What most struck us in the study results was the emphasis on slowing down
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Chicago, IL (PRWEB) March 20, 2007
Noonday Ventures recently identified three key focus areas for leaders stepping into critical roles. While statistics predict many newly-appointed leaders will struggle, some defy the odds and get off to a flying start. Noonday Ventures conducted a survey that provides advice to organizations bringing leaders into vital roles.
The recent study captured opinions of more than 80 leaders from a wide variety of organizations about critical areas of focus for incoming leaders. Respondents rated and commented on the importance of ten actions leaders can take over their first 90 days.
Of all the possible actions, three stood above the rest as most useful for starting fast. More than 90% of respondents advised focusing on building productive working relationships with key colleagues. More than 85% said that creating a clear plan for the ensuing year was one of the most important outcomes from the first three months. Nearly 80% recommended staying focused on a few important business projects to build credibility and momentum toward those full-year plans.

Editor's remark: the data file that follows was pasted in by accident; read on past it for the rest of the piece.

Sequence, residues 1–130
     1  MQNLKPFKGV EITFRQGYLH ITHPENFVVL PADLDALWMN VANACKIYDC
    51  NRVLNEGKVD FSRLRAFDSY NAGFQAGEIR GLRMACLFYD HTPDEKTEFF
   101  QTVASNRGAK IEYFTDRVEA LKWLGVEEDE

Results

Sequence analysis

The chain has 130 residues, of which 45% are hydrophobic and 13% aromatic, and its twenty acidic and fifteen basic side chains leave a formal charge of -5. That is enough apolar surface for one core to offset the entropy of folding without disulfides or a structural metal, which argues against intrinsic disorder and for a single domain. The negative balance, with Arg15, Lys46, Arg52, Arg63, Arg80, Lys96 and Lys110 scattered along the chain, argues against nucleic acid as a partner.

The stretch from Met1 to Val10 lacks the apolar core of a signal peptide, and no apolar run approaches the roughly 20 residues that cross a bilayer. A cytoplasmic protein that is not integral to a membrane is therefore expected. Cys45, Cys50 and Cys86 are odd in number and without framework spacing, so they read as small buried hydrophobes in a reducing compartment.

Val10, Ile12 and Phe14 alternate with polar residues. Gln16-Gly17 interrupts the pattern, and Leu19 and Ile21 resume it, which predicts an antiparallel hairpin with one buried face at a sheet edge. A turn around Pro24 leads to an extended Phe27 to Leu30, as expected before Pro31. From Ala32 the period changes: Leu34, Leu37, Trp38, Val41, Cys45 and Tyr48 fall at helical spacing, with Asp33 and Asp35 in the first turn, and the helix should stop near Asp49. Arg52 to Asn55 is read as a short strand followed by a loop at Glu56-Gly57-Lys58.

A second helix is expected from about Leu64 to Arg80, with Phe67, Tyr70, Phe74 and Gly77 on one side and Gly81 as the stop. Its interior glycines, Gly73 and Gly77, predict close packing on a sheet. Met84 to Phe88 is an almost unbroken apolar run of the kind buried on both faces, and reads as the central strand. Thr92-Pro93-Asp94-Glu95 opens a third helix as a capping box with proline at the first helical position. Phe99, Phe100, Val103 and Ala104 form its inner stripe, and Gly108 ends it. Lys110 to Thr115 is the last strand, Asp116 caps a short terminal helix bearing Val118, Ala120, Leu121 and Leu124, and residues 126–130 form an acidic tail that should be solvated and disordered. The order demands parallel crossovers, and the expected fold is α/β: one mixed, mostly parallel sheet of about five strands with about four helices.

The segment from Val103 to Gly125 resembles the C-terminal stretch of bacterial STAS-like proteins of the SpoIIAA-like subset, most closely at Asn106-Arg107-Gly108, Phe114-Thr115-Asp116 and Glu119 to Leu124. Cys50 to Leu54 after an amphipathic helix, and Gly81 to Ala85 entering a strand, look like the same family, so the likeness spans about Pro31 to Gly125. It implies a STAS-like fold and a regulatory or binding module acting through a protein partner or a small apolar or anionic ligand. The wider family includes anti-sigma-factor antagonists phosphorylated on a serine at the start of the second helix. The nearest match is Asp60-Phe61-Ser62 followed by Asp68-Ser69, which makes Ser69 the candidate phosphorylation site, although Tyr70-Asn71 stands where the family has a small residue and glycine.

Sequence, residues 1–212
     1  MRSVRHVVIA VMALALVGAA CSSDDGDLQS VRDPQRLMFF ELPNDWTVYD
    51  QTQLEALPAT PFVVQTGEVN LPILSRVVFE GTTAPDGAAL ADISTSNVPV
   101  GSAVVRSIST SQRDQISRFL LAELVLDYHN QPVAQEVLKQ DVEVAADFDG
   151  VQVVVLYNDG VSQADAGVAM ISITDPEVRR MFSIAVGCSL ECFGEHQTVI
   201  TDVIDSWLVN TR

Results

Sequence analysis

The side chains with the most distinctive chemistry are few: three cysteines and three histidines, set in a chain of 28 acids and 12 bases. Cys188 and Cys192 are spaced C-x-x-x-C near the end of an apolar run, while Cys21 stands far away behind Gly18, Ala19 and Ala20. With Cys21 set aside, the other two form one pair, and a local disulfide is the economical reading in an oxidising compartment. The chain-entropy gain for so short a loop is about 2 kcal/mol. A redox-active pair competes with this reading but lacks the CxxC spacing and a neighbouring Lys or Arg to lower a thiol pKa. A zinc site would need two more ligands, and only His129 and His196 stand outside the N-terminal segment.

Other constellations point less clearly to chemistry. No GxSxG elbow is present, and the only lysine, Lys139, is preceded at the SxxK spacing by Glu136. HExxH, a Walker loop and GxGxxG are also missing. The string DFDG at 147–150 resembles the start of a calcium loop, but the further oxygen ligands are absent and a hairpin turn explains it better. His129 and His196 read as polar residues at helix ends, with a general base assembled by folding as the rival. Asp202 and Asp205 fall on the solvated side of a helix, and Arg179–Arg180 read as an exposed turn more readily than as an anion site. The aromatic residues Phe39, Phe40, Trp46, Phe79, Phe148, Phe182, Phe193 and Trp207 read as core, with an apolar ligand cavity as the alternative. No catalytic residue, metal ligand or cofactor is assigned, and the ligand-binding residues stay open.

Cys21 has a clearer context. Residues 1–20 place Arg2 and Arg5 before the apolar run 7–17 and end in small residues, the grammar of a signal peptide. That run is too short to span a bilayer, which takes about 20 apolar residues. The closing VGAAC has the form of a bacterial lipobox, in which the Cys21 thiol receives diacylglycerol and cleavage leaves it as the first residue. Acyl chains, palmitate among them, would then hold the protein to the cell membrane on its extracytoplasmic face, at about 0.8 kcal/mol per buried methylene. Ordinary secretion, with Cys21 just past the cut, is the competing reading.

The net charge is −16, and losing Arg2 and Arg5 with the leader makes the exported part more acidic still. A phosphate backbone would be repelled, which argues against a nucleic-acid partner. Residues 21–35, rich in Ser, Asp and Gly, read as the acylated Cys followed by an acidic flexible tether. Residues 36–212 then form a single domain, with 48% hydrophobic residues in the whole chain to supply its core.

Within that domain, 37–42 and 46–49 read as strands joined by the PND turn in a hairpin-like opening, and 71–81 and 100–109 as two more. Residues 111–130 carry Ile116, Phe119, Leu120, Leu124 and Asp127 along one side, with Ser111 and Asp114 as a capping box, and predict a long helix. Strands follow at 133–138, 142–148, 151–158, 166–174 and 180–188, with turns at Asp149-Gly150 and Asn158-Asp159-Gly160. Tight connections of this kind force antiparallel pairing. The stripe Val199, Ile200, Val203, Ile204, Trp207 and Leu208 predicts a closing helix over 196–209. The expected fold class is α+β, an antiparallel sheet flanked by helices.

“What most struck us in the study results was the emphasis on slowing down,” commented Ted Harro , founder and president of Noonday Ventures. “Many executives feel incredible pressure to hurry up and get something done when they step into a new role. The clear feedback from this peer group argues for something different: going slow to go fast.
“This input lines up well with what we hear from executives whose leadership roles didn’t work out as they had hoped. They often jumped right into tasks – fixing broken projects, creating new strategies, in essence trying to look like they’re doing ‘big things’ – and realized in hindsight that they should have focused on taking big steps with people and smaller steps with tasks during their first days in the new position.”
Study respondents were quick to point out that context matters enormously. Different organizational cultures, business situations, and team issues drive what will work for any given leader. So it is essential to do homework, listen, and adapt to the situation and people involved.
For additional information about this research or to download a free summary, contact Terra Lawrie by email or visit http://www.noondayventures.com.
Noonday Ventures provides performance consulting for high potential leaders in growing professional services, technology, and non-profit organizations.
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